void        SetID            ( ID3_FrameID id );
      ID3_FrameID    GetID            ( void );
      
      ID3_Field&    Field            ( ID3_FieldID name );
      
      

    The ID3_Field Class

      void        Clear            ( void );
      luint        Size            ( void );
      luint        GetNumTextItems    ( void );
      
      // integer field functions
      ID3_Field&    operator=        ( luint newData );
      void        Set            ( luint newData );
      luint        Get            ( void );
      
      // Unicode string field functions
      ID3_Field&    operator=        ( wchar_t *string );
      void        Set            ( wchar_t *string );
      luint        Get
      ( wchar_t *buffer, luint maxChars, luint itemNum = 1 );
      
      void        Add            ( wchar_t *string );
      
      // ASCII string field functions
      ID3_Field&    operator=        ( char *string );
      void        Set            ( char *string );
      luint        Get
      ( wchar_t *buffer, luint maxChars, luint itemNum = 1 );
      
      void        Add            ( char *string );
      
      // binary field functions
      void        Set            ( uchar *newData, luint newSize );
      void        Get            ( uchar *buffer, luint buffLength );
      void        FromFile        ( char *fileName );
      void        ToFile            ( char *fileName );
      

    The ID3_Error Class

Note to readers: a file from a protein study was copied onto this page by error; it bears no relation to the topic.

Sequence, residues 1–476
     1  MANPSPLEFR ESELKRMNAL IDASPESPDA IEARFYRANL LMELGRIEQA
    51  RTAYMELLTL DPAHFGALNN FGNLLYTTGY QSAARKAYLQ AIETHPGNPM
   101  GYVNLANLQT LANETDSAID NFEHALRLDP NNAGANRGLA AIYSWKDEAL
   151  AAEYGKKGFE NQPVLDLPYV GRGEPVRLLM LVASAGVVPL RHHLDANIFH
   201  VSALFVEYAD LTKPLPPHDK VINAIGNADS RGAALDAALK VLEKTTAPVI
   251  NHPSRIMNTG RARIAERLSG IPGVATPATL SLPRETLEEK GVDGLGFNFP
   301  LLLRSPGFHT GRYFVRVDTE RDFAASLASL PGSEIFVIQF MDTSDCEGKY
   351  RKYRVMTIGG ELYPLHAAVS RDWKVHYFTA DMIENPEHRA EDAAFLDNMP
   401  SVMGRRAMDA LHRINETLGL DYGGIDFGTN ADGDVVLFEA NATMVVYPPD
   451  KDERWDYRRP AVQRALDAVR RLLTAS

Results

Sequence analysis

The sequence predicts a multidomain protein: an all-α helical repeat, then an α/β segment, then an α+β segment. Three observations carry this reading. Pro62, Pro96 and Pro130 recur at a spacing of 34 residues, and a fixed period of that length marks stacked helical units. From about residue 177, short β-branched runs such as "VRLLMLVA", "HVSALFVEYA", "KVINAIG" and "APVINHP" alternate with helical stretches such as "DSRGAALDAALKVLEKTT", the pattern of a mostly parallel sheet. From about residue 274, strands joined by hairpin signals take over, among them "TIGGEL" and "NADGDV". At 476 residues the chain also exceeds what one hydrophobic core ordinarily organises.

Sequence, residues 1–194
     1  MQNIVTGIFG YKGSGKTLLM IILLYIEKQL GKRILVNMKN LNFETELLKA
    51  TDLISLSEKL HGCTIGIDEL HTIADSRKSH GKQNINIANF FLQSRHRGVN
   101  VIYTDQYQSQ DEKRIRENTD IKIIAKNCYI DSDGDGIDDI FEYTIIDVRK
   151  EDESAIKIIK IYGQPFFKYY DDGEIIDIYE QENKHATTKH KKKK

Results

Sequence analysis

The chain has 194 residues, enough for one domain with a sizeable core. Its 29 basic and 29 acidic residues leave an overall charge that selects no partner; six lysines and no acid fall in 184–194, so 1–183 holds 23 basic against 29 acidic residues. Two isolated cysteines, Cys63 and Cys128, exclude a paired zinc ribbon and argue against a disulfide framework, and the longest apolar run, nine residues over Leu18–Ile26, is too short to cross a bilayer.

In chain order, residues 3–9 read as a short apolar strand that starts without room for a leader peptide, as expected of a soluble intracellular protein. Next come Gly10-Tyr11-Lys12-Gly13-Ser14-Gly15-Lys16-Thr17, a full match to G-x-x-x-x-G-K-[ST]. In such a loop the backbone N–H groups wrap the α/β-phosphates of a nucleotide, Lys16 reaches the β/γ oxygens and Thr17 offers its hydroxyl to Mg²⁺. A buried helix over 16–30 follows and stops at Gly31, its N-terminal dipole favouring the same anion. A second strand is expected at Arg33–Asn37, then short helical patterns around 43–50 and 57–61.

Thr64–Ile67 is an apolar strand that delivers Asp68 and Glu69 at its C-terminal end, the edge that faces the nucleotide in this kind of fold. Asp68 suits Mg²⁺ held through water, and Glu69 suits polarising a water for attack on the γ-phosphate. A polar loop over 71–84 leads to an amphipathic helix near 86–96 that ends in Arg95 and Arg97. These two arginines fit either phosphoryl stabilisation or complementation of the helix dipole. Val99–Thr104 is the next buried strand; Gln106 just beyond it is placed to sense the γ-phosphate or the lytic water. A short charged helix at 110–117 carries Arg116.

ID3_Err        GetErrorID        ( void );
      char        *GetErrorDesc        ( void );
      char        *GetErrorFile        ( void );
      luint        GetErrorLine        ( void );
      

    The ID3Lib DLL (C-wrapper functions)

      void        ID3_GetVersionInfo    ( ID3_VerInfo *info );
      
      lsint        ID3_IsTagHeader    ( uchar header[ ID3_TAGHEADERSIZE ] );
      
      ID3_Tag        *ID3Tag_New        ( void );
      void        ID3Tag_Delete        ( ID3_Tag *tag );
      void        ID3Tag_Clear        ( ID3_Tag *tag );
      bool        ID3Tag_HasChanged    ( ID3_Tag *tag );
      void        ID3Tag_SetUnsync    ( ID3_Tag *tag, bool unsync );
      void        ID3Tag_SetExtendedHeader
      ( ID3_Tag *tag, bool ext );
      
      void        ID3Tag_SetCompression
      ( ID3_Tag *tag, bool comp );
      
      void        ID3Tag_SetPadding    ( ID3_Tag *tag, bool pad );
      void        ID3Tag_AddFrame    ( ID3_Tag *tag, ID3_Frame *frame );
      void        ID3Tag_AddFrames
      ( ID3_Tag *tag, ID3_Frame *frames, luint num );
      
      void        ID3Tag_RemoveFrame    ( ID3_Tag *tag, ID3_Frame *frame );
      void        ID3Tag_Parse
      ( ID3_Tag *tag, uchar header[ ID3_TAGHEADERSIZE ],
      uchar *buffer );
      
      luint        ID3Tag_Link        ( ID3_Tag *tag, char *fileName );
      void        ID3Tag_Update        ( ID3_Tag *tag );
      void        ID3Tag_Strip        ( ID3_Tag *tag, bool v1Also );
      ID3_Frame    *ID3Tag_FindFrameWithID
          ( ID3_Tag *tag, ID3_FrameID id );
      
      ID3_Frame    *ID3Tag_FindFrameWithINT
      ( ID3_Tag *tag, ID3_FrameID id, ID3_FieldID fld,
      luint data );
      
      ID3_Frame    *ID3Tag_FindFrameWithASCII
      ( ID3_Tag *tag, ID3_FrameID id, ID3_FieldID fld,